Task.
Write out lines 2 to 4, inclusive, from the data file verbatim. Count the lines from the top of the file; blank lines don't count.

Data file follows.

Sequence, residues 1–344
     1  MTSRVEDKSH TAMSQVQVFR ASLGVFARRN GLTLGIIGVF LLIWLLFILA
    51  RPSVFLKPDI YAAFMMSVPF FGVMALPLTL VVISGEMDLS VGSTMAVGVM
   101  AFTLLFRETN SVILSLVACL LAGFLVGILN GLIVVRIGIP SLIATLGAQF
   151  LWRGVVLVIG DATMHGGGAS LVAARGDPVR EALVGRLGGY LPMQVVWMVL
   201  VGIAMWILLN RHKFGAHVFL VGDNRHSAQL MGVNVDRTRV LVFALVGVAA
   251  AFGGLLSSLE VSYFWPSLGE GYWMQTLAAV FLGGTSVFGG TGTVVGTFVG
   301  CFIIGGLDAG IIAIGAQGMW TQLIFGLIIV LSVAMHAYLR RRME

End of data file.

     1  MTSRVEDKSH TAMSQVQVFR ASLGVFARRN GLTLGIIGVF LLIWLLFILA
    51  RPSVFLKPDI YAAFMMSVPF FGVMALPLTL VVISGEMDLS VGSTMAVGVM
   101  AFTLLFRETN SVILSLVACL LAGFLVGILN GLIVVRIGIP SLIATLGAQF